Such news threatened to reopen divisions between the two leaders. The end of the debt talks ushered in a remarkable period of detente between the two leaders. Cantor became one of Boehner’s staunchest supporters in the waning days of the fight with the White House, while Boehner repeatedly praised his lieutenant’s efforts to hold the conservative line during talks with Democrats.
But a spokesman for Boehner said the spending level that came out of the debt deal would be the number that they are all working toward. Boehner spokesman Michael Steel said, “$1.043 trillion will be the final FY 2012 number.”
House Republican aides confirmed that a lower number had been under discussion, but they are all now working off of the debt deal number.
Leaders in the two chambers in both parties must also get on the same page on how much money to provide for emergency disaster relief and whether to offset it.
Senate Majority Leader Harry Reid wants to provide $7 billion for emergency disaster relief.
But the Nevada Democrat failed to win the 60 votes needed to take up a House-passed bill that he wanted to use as the vehicle for the disaster spending.
Reid said on the Senate floor that the funding is urgently needed, noting that emergencies have been declared in 48 states.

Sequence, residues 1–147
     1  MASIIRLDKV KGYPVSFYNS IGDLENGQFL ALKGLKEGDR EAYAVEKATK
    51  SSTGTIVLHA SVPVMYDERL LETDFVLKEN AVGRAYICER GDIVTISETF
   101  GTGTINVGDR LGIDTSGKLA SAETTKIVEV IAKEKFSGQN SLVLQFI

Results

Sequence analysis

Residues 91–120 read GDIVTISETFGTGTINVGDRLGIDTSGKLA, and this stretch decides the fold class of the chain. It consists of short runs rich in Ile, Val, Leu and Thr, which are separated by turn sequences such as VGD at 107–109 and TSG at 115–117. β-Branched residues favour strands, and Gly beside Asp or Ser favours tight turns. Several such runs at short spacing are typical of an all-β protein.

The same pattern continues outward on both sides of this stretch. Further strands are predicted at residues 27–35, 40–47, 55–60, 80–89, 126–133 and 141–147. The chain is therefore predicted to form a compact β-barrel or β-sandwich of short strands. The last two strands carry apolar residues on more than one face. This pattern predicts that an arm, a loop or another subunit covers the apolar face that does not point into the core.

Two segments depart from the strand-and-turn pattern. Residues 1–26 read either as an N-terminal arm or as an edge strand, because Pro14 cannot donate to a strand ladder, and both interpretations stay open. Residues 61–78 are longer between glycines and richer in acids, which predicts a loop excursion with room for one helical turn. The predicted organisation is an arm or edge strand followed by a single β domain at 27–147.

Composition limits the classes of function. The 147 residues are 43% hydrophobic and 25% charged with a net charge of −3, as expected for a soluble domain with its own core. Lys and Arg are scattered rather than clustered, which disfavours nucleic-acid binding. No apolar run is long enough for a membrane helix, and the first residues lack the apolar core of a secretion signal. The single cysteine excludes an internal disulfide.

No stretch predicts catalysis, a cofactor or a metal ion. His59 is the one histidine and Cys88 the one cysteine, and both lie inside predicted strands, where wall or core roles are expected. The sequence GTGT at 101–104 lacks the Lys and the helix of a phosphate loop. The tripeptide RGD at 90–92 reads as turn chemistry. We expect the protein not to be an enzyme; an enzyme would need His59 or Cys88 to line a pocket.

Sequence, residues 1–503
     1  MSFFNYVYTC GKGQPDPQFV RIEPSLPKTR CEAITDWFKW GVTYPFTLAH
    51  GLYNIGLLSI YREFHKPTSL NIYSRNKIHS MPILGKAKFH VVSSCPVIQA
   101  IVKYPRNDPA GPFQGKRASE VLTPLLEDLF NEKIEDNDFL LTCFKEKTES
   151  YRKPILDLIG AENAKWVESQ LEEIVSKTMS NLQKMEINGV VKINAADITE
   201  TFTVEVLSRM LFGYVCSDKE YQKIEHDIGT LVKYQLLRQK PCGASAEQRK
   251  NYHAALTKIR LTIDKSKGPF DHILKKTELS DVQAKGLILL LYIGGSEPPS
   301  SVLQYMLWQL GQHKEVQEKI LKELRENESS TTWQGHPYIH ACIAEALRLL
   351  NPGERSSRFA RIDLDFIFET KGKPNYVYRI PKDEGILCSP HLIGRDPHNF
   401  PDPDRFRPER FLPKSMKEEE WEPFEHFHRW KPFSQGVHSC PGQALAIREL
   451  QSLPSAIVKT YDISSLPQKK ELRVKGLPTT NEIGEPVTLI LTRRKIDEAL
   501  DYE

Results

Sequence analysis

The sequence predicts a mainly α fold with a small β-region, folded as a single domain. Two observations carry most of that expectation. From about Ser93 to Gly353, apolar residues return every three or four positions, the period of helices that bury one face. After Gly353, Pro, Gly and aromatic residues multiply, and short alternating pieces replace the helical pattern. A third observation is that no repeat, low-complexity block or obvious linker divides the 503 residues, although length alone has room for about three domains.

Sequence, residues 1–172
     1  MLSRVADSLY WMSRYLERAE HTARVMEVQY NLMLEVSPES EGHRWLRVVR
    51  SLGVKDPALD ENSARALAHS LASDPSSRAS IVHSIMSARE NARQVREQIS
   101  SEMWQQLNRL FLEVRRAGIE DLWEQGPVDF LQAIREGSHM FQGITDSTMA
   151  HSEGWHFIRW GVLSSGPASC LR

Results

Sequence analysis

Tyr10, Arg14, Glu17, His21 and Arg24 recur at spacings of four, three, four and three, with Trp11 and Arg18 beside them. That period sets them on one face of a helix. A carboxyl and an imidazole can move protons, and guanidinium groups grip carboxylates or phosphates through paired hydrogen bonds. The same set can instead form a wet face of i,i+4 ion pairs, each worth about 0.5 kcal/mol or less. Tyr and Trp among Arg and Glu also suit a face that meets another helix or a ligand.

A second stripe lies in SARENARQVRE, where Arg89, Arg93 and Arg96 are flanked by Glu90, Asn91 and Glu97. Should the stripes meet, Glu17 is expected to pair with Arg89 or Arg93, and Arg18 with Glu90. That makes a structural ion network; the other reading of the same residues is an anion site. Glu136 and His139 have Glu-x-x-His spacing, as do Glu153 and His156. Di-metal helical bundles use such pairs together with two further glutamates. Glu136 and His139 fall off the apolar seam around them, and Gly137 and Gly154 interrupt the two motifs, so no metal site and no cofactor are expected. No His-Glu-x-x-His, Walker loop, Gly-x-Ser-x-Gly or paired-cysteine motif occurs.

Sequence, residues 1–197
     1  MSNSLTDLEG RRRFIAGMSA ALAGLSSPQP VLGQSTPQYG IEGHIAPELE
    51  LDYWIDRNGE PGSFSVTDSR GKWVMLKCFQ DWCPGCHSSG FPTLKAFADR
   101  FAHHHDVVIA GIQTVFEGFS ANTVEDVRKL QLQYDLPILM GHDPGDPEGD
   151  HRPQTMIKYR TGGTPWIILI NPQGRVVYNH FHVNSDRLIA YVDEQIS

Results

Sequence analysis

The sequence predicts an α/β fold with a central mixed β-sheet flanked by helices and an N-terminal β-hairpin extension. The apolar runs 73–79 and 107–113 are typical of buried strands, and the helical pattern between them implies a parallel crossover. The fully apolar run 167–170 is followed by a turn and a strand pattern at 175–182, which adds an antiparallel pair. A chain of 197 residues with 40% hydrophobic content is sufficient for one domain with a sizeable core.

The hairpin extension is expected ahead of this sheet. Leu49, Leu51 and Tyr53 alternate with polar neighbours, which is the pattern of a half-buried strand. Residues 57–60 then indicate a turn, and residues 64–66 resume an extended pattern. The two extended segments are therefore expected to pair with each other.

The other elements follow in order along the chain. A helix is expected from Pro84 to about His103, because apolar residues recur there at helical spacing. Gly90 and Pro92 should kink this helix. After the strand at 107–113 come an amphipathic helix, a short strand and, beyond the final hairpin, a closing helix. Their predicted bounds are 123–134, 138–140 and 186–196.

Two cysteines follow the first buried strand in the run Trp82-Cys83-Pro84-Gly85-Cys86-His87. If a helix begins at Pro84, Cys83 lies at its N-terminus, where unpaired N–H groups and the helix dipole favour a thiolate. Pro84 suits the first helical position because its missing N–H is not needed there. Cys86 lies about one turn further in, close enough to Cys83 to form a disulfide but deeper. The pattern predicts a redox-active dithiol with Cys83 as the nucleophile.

But while Reid failed to win the vote, he might have won some political points by getting GOP Senators on record voting against disaster spending.
The likely vehicle for the funding now will be the CR.
Senate Budget ranking member Jeff Sessions said he believes the Senate should not provide the spending before getting expert advice on the precise needs.
“We haven’t carefully examined every penny of it,” the Alabama Republican said.
“I come from a state that has suffered,” he continued. “I know we are going to need spending. But how much more do we need? ... I don’t know yet. I would like to have an expert look into it before we approve another $7 billion.”
Sen. Susan Collins (R-Maine), ranking member of the Homeland Security and Governmental Affairs Committee, said she would like as much of the disaster spending paid for as possible.
But she added that, historically, emergencies have not been offset.
“I would like to make sure that the amount of money being requested isn’t just a figure plucked out of the air, but based in a serious and realistic analysis of what the needs are,” she said.